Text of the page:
The Factor Aspect

Whether you will need extra factor product coverage for a dental procedure will be determined by your hematologist. It is based on the severity of your disease, your history and the procedure itself, such as an extraction vs. a deep scaling. Deep scaling is a thorough cleaning to stop gum disease from progressing. It is usually performed after the bacteria and inflammation from untreated gingivitis have worked their way down to the foundations of the tooth. For such procedures, factor replacement therapy may be considered, Burke says.

Pediatric dentist treating young boyBurke recommends that patients with a bleeding disorder and periodontal disease be placed on a maintenance schedule to avoid further progression. He may ask patients to return every three, four or six months, depending on the severity of the condition.

People with inhibitors usually require treatment in a hospital setting. Patients with HIV, central venous access devices or who have had joint replacement surgery may need prophylactic antibiotic therapy before undergoing any dental procedures. People with rare bleeding disorders and von Willebrand disease should also consult with their HTC and dentist to discuss their specific needs before any procedures.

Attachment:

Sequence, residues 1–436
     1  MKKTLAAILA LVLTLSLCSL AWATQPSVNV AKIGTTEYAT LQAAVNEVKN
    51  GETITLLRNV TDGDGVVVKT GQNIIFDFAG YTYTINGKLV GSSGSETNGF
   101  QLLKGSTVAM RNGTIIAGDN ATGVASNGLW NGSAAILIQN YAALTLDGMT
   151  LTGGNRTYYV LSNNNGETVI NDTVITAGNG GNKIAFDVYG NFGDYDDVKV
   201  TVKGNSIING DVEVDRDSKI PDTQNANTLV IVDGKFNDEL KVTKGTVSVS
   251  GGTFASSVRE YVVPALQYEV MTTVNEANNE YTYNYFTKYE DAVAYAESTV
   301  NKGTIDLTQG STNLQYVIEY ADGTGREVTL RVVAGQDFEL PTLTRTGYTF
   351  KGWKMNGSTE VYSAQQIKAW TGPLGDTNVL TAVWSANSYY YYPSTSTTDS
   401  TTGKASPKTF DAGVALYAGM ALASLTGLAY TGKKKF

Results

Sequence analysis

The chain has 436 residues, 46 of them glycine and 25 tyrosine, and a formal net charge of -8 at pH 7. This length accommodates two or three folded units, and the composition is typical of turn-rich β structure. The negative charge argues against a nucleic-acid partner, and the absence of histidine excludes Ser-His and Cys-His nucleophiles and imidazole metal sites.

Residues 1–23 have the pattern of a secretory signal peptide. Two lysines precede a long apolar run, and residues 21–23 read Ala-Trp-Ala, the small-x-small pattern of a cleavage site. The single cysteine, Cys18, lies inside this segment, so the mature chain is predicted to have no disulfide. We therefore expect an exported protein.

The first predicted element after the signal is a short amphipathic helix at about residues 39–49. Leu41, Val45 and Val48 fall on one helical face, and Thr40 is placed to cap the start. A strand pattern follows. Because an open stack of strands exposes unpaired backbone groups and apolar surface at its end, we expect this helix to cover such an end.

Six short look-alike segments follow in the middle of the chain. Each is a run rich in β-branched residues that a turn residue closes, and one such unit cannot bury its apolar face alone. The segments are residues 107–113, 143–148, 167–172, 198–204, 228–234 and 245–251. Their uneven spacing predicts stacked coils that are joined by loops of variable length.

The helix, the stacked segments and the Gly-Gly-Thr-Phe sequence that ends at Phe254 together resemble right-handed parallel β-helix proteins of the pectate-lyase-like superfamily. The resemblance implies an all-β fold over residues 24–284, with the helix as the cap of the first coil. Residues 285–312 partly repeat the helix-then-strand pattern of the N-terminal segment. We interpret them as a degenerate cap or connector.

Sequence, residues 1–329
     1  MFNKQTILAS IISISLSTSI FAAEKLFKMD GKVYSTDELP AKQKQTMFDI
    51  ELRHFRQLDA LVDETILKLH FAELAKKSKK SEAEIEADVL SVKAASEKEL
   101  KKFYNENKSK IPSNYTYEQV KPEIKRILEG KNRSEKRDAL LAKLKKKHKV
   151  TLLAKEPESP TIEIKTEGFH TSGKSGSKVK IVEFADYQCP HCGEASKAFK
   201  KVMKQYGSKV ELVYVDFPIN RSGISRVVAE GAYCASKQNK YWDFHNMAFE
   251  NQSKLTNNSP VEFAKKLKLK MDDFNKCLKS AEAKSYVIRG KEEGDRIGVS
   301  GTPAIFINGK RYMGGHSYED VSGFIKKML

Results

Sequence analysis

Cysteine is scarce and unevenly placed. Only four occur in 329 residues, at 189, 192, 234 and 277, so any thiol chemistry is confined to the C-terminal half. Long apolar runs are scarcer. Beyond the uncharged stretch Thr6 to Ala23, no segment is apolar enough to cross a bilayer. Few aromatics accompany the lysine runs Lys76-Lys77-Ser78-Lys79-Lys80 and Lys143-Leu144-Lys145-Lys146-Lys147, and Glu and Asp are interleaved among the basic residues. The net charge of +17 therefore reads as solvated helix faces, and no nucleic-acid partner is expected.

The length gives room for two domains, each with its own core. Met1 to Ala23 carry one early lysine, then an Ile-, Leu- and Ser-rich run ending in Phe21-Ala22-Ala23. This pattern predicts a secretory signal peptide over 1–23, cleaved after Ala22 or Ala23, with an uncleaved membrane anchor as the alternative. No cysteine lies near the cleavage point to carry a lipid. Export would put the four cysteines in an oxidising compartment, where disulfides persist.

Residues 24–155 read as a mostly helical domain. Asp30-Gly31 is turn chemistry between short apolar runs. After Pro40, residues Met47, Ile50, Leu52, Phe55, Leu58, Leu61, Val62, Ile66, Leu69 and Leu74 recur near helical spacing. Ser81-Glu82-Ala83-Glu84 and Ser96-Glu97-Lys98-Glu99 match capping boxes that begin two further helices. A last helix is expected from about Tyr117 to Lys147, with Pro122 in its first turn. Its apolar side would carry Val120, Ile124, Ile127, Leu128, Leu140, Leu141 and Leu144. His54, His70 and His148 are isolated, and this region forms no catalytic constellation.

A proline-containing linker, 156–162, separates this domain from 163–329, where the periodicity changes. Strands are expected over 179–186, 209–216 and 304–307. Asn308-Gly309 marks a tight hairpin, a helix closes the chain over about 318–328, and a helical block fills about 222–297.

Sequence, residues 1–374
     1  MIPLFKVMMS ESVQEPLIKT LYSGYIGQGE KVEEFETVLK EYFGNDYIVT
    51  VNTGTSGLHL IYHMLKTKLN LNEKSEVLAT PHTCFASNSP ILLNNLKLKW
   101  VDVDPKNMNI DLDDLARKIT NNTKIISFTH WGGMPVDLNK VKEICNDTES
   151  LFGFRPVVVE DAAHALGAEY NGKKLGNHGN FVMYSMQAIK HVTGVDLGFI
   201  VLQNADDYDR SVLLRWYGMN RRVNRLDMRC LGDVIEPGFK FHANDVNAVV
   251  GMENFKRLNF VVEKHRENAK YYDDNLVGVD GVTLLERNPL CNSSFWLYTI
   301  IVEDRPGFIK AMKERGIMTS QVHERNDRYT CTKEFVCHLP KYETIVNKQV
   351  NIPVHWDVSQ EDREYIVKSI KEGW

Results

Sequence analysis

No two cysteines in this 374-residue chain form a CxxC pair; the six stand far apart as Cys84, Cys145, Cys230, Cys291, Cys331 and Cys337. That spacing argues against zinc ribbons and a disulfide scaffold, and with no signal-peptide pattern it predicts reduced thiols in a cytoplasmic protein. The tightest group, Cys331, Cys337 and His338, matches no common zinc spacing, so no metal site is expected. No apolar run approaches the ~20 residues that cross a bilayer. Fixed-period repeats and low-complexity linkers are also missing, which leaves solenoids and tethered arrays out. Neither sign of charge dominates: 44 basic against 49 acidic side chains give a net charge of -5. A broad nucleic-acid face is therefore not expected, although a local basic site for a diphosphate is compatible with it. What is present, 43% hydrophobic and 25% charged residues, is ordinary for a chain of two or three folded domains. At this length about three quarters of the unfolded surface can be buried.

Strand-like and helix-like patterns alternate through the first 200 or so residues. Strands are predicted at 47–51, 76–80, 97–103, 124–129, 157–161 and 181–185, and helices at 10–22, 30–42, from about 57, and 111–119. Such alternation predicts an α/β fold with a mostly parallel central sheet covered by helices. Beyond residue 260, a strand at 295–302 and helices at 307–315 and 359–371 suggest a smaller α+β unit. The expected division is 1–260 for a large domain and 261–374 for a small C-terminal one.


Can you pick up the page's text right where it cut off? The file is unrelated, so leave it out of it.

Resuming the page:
Factor is not the only solution for dental-related bleeding. According to Burke, hemostatic agents such as Amicar, Avitene®, Gelfoam®, Stimate Nasal Spray® and Surgicel® can be used to help stop local bleeding­. Burke says some dentists are also using Lysteda®, a tablet form of tranxemic acid that was approved by the US Food and Drug Administration in 2009 to treat heavy menstrual bleeding. Tranxemic acid has long been used in the US as an injection to prevent bleeding from tooth extraction.

The high costs of factor may necessitate doing several procedures at once to save money and maximize efficiency, Burke says. When someone has multiple problems on different sides of the mouth, it often makes sense to infuse first, anticipating a lengthier stay in the dentist’s chair. Some patients may also need to infuse afterward. “We try to get all the treatment done in one visit if possible,” Burke says. This may include the use of nitrous oxide (also known as “laughing gas”), sedation and close coordination with the patient’s hematologist.

The social worker or financial reimbursement specialist at your HTC may be able to help you plan for the added costs of extra factor needed for dental procedures.

Insurance Concerns

Nick Reiser, 24, has severe hemophilia A and is one of those rare people who had significant bleeding when he lost his baby teeth.

“It was definitely a big hassle for my parents,” says Reiser, of Howell, New Jersey. He alerted his parents to another lost tooth at age 8 by walking into the room and saying, “Hi, I’ve got a pile of blood in my hands, and it’s not stopping.” He adds, “So I had trips to the emergency room instead of visits from the tooth fairy.”

After switching dentists, Reiser eventually found what he considered his dental home, with a pediatric dentist who understood his hemophilia. When he hit his 20s, however, he had trouble finding another dentist. Insurance also dictated his dental health.

My health insurance changed, and I didn’t have dental care for a while,” Reiser says. He thought, “Do I spend my last dollars going to the HTC to get my checkup or pay out the nose without insurance?”